JOLIET – Ashley Tardiff and her three children like their new apartment – no mice, no shootings.
“There was a shooting right in front of the house the week we were moving,” Tardiff said of her old place in Joliet. She looked out the door to see one man chasing another. As bad as that was, Tardiff seemed more relieved to be in a place where she and her three children did not have to worry about mice.
A two-year Army veteran who spent a couple of months in Baghdad, Tardiff is hoping for better times ahead.
Hope Manor Joliet is designed to help her.
Tardiff is one of the first military veterans to move into Hope Manor Joliet. The 67-unit apartment complex is being built by Volunteers of America of Illinois. The nonprofit is devoted to providing affordable housing to veterans who might otherwise face homelessness.
Tardiff had been paying her rent, but it had become increasingly challenging since she suffered a stroke that has kept her away from her job as a massage therapist. The subsidized housing at Hope Manor, she said, “is going to be a big help getting me on my feet.”
“I want to save up and get my credit fixed and be able to provide more for my children,” said Tardiff, who has been divorced twice. “I’ve been the primary parent for my three kids.”
Among her long-term goals is owning a home.
Tardiff left work in warehousing, which was a natural transition from the Army, where she worked in supplies. She went to school to learn massage therapy, which pays much more, Tardiff said. But times have been difficult.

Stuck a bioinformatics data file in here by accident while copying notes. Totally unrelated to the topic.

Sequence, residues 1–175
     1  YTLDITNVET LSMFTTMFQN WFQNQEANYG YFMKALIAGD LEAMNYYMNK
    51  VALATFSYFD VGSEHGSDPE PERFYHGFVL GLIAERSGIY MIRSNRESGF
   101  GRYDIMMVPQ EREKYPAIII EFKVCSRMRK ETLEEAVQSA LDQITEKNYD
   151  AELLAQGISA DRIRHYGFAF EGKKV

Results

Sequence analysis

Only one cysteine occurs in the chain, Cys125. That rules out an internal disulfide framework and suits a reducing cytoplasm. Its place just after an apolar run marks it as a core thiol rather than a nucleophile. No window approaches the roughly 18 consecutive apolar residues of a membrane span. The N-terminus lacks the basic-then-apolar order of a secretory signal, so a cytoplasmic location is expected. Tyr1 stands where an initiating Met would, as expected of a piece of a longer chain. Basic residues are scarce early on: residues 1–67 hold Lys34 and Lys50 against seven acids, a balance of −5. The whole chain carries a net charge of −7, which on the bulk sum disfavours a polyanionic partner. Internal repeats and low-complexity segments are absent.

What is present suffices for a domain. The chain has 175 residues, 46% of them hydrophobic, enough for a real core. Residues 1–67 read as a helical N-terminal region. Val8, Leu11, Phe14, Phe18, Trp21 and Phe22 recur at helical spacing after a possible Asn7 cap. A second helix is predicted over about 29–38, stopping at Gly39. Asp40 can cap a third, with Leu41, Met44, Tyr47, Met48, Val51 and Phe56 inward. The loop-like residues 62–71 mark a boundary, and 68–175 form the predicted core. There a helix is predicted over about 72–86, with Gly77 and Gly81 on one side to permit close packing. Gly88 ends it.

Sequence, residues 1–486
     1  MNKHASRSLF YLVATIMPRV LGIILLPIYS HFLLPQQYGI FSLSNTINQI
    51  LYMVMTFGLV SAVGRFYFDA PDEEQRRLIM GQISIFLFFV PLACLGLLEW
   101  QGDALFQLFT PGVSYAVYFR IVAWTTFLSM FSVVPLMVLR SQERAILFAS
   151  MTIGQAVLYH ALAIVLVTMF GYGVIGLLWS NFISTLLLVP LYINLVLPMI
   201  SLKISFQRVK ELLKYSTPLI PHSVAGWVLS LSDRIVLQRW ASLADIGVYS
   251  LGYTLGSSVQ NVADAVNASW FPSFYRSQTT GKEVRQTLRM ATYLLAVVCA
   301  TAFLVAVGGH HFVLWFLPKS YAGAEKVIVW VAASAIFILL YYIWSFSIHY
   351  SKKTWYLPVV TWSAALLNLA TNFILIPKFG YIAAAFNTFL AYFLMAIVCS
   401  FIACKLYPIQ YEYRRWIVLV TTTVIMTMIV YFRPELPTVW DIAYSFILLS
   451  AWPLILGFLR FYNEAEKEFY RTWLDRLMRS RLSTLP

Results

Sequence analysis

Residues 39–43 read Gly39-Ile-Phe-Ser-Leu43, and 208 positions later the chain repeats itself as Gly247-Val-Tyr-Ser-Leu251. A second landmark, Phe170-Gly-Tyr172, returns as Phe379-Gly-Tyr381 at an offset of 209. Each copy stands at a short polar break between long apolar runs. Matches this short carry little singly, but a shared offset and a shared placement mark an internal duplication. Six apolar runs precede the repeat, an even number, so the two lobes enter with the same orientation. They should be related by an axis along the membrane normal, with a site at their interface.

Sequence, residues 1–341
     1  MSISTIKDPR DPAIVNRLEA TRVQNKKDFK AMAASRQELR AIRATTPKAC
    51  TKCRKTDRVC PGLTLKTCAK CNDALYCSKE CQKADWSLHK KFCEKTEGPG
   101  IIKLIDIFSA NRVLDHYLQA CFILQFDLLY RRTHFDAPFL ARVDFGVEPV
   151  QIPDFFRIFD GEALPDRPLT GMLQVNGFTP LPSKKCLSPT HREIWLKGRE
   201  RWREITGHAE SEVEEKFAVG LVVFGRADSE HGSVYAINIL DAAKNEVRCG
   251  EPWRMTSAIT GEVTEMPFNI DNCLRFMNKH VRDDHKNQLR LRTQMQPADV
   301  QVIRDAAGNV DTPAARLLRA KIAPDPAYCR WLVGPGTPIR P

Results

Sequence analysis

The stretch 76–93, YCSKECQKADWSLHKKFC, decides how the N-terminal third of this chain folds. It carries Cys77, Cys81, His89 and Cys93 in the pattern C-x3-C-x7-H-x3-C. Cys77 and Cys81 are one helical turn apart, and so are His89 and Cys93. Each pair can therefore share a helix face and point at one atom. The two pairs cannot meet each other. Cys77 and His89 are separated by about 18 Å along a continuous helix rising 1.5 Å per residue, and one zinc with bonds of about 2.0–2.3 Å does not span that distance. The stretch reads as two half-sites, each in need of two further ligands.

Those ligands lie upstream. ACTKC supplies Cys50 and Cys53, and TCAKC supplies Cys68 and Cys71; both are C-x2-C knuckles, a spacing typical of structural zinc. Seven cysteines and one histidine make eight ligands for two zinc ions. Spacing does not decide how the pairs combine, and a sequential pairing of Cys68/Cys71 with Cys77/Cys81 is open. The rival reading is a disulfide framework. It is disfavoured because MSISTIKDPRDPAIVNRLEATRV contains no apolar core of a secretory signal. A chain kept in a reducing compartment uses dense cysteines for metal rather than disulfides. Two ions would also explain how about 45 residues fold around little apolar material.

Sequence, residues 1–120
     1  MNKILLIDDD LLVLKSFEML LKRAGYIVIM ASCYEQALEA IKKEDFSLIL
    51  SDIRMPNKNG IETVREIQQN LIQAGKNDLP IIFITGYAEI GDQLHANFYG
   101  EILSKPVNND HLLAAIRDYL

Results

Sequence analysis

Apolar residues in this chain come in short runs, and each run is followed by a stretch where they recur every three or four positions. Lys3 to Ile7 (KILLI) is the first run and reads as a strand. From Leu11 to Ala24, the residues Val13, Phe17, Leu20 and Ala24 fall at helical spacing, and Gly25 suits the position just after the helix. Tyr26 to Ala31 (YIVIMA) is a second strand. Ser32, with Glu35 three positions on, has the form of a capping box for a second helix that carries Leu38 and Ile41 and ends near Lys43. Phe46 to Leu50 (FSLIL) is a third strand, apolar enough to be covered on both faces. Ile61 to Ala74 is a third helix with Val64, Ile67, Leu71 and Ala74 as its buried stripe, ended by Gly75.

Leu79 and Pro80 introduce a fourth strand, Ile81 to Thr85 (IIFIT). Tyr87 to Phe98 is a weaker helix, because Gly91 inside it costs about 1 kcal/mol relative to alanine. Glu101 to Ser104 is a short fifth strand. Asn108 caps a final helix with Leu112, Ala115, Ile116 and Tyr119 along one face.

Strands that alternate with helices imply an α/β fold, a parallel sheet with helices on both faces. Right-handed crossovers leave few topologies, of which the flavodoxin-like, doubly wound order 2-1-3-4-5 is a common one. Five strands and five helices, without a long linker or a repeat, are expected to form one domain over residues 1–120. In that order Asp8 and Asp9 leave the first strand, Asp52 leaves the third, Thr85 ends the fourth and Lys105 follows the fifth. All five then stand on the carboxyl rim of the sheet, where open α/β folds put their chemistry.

Her predicament is typical of many veterans who face homelessness, said Liliana Scales, director of external relations for Volunteers of America of Illinois.
“That’s the rising population of veteran homelessness – female veterans with children,” Scales said.
The first apartment building, which opened in February, is strictly two- or three-bedroom apartments, meaning veterans with families are moving in. There are 12 apartments in the building.
Volunteers of America plans to open all four buildings by June, including those with one-bedroom apartments. Hope Manor Joliet is located on the old Silver Cross Hospital campus.
Residents get Section 8 vouchers subsidizing rent that ranges from $938 for a one-bedroom to $1,370 for a three-bedroom. The rent is higher than what Tardiff was paying before, but the subsidy makes it affordable.
“People think of affordable housing – we don’t want them to think of affordable housing as having mice or having a shooting in the street,” Scales said.
VOA provides services on site, including job counseling, therapists and tutors for schoolchildren. Financial advice also is available for people like Tardiff, who aspire to fix their credit and eventually own their own homes.
Tardiff said she did not get much advice on what to do next in 2006 when she left the Army.
Once she was on her own, Tardiff did not even realize that she could get tuition assistance until she stopped at the Will County Veterans Assistance Commission because she heard they could help her get a bus pass so she could get around town when she did not have a car. It was the commission that also informed her about Hope Manor Joliet.
She described the help she has received because of her veteran status as being “like a miracle.”
Other veterans moving into the new apartments have had similar reactions to their new homes, said Jamie Jones, property manager for Hope Manor Joliet.
“To say they are happy is not the proper word,” Jones said. “A couple of the families we moved in were sleeping in cars, sleeping in shelters. They’re very grateful. They’re shocked.”